There is also an article dated 4-16 about a resident of the evacuation area who is staying behind to take care of the abandoned pets in his/her area – http://en.rocketnews24.com/2011/04/16/fukushima-internet-forum-user-refuses-evacuation-to-take-care-of-animals-im-going-to-give-my-life-to-these-guys/

    And sadly an article dated 4-11 about a ranch they visited where many cattle are, or already have, died of thirst and starvation. There is also a video of this but it is quite gruesome so I won’t post the link here.

    There is a also a video that shows some of the animal rescue they did and it is on youtube so it would be nice,Arthur, if it could be shown on this site. The youtube link is http://www.youtube.com/watch?v=6B_lj-XgTGc&feature=player_embedded .

  2. Hi Arthure, you’re doing a great job. I am living in Switzerland and I would like to be volonteer to rescue this animals. I talked by phone with Susan and Isabella and sent them e-mails in order to have the details how I can reach them. I am also calling animal food industries asking them products. Do you know exactly where the volonteers go and meet? This will help me. Susan told me they are very busy and not looking theirs e-mails I supposed.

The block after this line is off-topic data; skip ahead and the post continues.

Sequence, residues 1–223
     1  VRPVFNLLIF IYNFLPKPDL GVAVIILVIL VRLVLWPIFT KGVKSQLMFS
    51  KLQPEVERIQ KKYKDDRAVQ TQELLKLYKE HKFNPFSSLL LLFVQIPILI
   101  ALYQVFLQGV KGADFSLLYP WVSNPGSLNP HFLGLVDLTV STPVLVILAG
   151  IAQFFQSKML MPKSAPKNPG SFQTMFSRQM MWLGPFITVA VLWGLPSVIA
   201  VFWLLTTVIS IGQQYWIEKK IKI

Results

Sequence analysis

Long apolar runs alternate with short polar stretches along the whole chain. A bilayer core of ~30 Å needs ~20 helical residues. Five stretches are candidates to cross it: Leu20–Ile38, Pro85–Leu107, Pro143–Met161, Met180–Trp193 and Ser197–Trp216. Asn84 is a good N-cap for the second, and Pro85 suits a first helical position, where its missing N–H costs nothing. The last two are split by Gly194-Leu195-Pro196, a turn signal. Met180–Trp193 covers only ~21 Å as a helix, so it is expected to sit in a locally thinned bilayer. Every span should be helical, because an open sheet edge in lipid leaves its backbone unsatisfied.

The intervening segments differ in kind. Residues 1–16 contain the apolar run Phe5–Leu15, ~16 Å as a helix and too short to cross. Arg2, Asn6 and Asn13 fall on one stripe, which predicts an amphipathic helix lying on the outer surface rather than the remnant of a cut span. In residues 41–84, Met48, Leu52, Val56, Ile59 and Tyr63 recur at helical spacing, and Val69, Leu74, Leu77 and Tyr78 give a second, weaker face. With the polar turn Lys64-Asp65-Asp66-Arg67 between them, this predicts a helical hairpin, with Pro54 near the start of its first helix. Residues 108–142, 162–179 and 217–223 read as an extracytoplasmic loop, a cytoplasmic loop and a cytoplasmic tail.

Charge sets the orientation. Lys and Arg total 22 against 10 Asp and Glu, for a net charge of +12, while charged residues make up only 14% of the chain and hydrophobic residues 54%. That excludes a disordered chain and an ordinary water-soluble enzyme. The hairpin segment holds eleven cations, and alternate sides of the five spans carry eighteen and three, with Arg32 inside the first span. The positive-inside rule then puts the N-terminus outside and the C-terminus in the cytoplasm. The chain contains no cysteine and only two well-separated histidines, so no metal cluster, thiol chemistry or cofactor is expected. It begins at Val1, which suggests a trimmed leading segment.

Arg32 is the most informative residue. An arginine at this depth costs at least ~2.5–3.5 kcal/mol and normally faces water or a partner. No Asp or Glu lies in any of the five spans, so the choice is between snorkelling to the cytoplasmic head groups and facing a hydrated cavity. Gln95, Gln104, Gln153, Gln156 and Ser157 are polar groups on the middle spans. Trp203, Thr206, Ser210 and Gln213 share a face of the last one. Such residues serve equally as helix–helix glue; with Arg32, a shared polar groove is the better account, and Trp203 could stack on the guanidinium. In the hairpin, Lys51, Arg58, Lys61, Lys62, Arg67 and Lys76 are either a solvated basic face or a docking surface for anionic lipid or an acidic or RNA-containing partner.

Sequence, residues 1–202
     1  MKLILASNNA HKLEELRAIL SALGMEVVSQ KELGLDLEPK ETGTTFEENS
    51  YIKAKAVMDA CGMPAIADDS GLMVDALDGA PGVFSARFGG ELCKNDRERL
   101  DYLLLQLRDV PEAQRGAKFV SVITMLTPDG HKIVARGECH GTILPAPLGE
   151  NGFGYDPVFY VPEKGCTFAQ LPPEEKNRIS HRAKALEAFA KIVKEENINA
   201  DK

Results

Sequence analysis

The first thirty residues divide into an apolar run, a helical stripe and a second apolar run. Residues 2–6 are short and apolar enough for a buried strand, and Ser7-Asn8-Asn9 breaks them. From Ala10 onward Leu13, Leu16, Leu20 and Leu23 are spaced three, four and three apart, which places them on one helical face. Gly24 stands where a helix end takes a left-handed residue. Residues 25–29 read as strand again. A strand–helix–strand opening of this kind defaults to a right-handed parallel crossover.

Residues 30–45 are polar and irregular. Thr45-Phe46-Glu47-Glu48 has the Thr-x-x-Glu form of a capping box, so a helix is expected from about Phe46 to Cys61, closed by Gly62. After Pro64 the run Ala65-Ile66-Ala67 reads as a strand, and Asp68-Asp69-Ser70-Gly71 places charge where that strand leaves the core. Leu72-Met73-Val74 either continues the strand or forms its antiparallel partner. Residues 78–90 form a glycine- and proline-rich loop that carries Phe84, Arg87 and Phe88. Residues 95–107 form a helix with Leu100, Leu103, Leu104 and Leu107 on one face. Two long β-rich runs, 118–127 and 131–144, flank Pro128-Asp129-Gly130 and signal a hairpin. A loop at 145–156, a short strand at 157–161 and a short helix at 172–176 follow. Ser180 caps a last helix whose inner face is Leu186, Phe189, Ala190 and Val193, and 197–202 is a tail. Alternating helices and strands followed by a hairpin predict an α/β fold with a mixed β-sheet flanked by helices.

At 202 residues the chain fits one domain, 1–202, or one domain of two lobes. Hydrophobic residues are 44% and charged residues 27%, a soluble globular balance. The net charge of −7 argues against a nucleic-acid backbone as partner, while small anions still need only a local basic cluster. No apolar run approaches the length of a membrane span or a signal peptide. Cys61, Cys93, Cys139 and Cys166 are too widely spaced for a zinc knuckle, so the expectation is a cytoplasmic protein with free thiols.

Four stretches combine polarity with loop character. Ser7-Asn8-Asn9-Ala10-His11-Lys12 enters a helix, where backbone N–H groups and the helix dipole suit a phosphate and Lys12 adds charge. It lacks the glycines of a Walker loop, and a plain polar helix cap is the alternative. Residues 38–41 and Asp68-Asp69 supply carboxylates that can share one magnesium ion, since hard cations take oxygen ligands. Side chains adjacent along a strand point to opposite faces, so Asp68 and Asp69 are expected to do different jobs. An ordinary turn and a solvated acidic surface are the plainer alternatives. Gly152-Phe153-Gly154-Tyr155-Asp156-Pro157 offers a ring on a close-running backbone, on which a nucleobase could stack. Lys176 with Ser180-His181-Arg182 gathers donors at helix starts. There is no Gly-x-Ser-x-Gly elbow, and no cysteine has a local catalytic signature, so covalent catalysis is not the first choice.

Thank you.

  3. Arthur-thank you for your prompt response. I am pleased to hear that “Global Animal Foundation is supporting NPOs big and small.” Yes I have seen your ‘How to help Japan’s Pets’ page. Even tho you indicate it has had 80000 views emotion and immediacy tend to enter into contributions–so when you post about the rescue of animals by a specific group, the emotion of seeing that will stimulate many to want to contribute and they are very likely going to contribute to the group that stirred their emotional response. So groups with good Pr machines like Best Friends and JEARs get posted most on Global Animal and consequentially get the most donations from that exposure. No offense to them as they are doing some rescues–just my concern that those smaller groups that do not have professional assistance in getting the word and stories out and especially those with Japanese rather than English websites/blogs/facebook pages get little exposure and thus little opportunity for donations to continue the rescue work they are also doing.